SplitColumnDelimiter = Table.SplitColumn(HiddenColumns,”Column4″,Splitter.SplitTextByEachDelimiter({“-“}, null, false),{“Column4.1″, “Column4.2″})
SplitColumnPos = Table.SplitColumn(SplitColumnDelimiter,”Column4.1″,Splitter.SplitTextByPositions({0, 13}, false),{“Column4.1.1″, “Column4.1.2″})
HiddenColumns1 = Table.RemoveColumns(SplitColumnPos,{“Column4.1.1″})
RenamedColumns = Table.RenameColumns(HiddenColumns1,{{“Column2″, “Date”}, {“Column4.1.2″, “Number”}, {“Column4.2″, “Name”}, {“Column5″, “Location”}})

Overall, I’m really liking the Data Explorer experience so far. I think the team has done an excellent job in providing a UI that is easy and intuitive. Looking at the formula language, I can see that there is a lot of capabilities behind it as well.

In my next post, I’ll explore more of the more advanced functionality.

Presenting at SQL Saturday #172 | Oregon

I’ll be co-presenting a couple of sessions at SQL Saturday #172 in Portland, Oregon this weekend (11/3). The lineup for this event looks great, with a lot of speakers who will also be at the PASS Summit the following week.

First up is an SSIS session with SSIS Design Pattern co-author Tim Mitchell (Blog | Twitter).

SSIS Incremental Load Design Patterns

In this session, we will review the common decision points surrounding incrementally loading data, and will demonstrate some of the methods for incremental processing.

At the end of the day I will be co-presenting a hybrid data movement talk with fellow MS employee, Adam Larson.

Efficient On-Premise to Cloud Data Transfer

Thinking about moving some of your operations to Azure? Have multiple remote sites, and want to use the cloud to centralize and share data between them?? Just like hearing talks about data transfer performance?! Have we got the session for you! We’ll cover some common user scenarios, and describe when and how to use the latest Microsoft data transfer technologies, including SQL Server Integration Services (SSIS), SQL Data Sync (a capability of SQL Database), and more.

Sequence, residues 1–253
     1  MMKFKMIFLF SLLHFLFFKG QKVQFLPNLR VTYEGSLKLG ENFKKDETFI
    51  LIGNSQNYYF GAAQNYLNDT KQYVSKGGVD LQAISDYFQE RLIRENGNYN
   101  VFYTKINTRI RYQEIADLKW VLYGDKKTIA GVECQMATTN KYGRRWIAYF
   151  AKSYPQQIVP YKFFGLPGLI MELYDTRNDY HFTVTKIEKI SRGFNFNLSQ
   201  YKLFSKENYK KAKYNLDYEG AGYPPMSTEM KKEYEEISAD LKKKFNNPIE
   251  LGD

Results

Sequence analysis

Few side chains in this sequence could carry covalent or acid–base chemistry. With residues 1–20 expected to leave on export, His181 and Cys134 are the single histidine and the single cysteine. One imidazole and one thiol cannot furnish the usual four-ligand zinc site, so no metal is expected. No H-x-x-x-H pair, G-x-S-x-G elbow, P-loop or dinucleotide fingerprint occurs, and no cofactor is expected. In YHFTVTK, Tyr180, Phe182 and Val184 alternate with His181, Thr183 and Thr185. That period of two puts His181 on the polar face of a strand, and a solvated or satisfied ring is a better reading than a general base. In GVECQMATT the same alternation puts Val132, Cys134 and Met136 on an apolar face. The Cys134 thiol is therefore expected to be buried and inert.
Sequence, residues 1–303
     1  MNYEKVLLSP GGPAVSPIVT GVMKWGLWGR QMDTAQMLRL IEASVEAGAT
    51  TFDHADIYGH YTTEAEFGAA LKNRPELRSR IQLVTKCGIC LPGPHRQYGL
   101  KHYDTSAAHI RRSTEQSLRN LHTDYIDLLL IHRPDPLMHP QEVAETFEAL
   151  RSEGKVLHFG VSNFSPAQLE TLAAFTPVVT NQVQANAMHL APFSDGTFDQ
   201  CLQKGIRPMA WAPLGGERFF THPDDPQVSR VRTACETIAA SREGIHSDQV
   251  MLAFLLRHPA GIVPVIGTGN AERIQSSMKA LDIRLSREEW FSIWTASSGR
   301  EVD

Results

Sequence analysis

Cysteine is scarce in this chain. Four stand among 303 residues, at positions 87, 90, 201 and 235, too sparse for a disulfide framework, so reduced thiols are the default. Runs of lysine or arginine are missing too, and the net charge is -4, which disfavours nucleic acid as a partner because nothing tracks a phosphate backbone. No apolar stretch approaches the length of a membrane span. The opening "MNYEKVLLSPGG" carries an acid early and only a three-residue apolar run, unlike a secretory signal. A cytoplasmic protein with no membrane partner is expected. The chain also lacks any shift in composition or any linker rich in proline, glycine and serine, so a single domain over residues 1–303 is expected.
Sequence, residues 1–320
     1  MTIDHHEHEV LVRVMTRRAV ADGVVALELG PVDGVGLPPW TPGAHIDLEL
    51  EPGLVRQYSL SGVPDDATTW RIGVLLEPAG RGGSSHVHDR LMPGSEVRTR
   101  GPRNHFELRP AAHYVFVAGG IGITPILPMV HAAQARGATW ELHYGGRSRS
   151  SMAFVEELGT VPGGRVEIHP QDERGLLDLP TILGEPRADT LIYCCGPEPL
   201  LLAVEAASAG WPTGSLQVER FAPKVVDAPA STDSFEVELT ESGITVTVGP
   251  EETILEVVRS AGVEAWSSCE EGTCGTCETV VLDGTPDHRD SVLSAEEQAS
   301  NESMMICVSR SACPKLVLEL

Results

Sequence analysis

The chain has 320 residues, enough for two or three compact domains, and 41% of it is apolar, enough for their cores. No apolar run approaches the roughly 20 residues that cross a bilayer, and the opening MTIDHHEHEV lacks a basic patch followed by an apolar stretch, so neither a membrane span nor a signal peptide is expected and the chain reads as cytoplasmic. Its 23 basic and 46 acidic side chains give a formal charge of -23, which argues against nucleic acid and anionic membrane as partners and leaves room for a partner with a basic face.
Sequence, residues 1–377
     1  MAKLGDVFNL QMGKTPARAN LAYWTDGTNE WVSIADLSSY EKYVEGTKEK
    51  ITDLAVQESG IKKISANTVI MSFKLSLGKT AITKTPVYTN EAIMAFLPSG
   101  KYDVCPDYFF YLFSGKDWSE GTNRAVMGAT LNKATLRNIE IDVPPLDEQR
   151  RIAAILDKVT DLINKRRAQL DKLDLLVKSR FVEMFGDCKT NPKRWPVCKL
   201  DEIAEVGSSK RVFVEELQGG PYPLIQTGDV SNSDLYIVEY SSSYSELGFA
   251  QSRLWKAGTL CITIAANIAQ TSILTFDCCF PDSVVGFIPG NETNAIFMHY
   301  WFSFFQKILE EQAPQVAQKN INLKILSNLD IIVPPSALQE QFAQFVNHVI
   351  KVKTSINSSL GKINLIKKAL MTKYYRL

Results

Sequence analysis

Hope to see you there!

 

SQL Saturday #146 | Nashua, New Hampshire

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I’ve been invited to speak at SQL Saturday #146 in Nashua in October. I’ll be presenting two talks related to Data Movement:

Efficient On-Premise to Cloud Data Transfer

Thinking about moving some of your operations to Azure? Have multiple remote sites, and want to use the cloud to centralize and share data between them?? Just like hearing talks about data transfer performance?! Have we got the session for you! We’ll cover some common user scenarios, and describe when and how to use the latest Microsoft data transfer technologies, including SQL Server Integration Services (SSIS), SQL Data Sync (a capability of SQL Database), and more.

EIM – Bringing Together SSIS, DQS and MDS

Enterprise Information Management (EIM) is an industry term for managing your data for data integration, quality, and governance. This session revolves around a demo which brings together the EIM functionality in SQL Server, a key part of our Credible, Consistent Data story for the 2012 release. We will show you how SQL Server Integration Services (SSIS), Data Quality Services (DQS), Master Data Services (MDS) and other Microsoft technologies work together to provide a comprehensive EIM solution.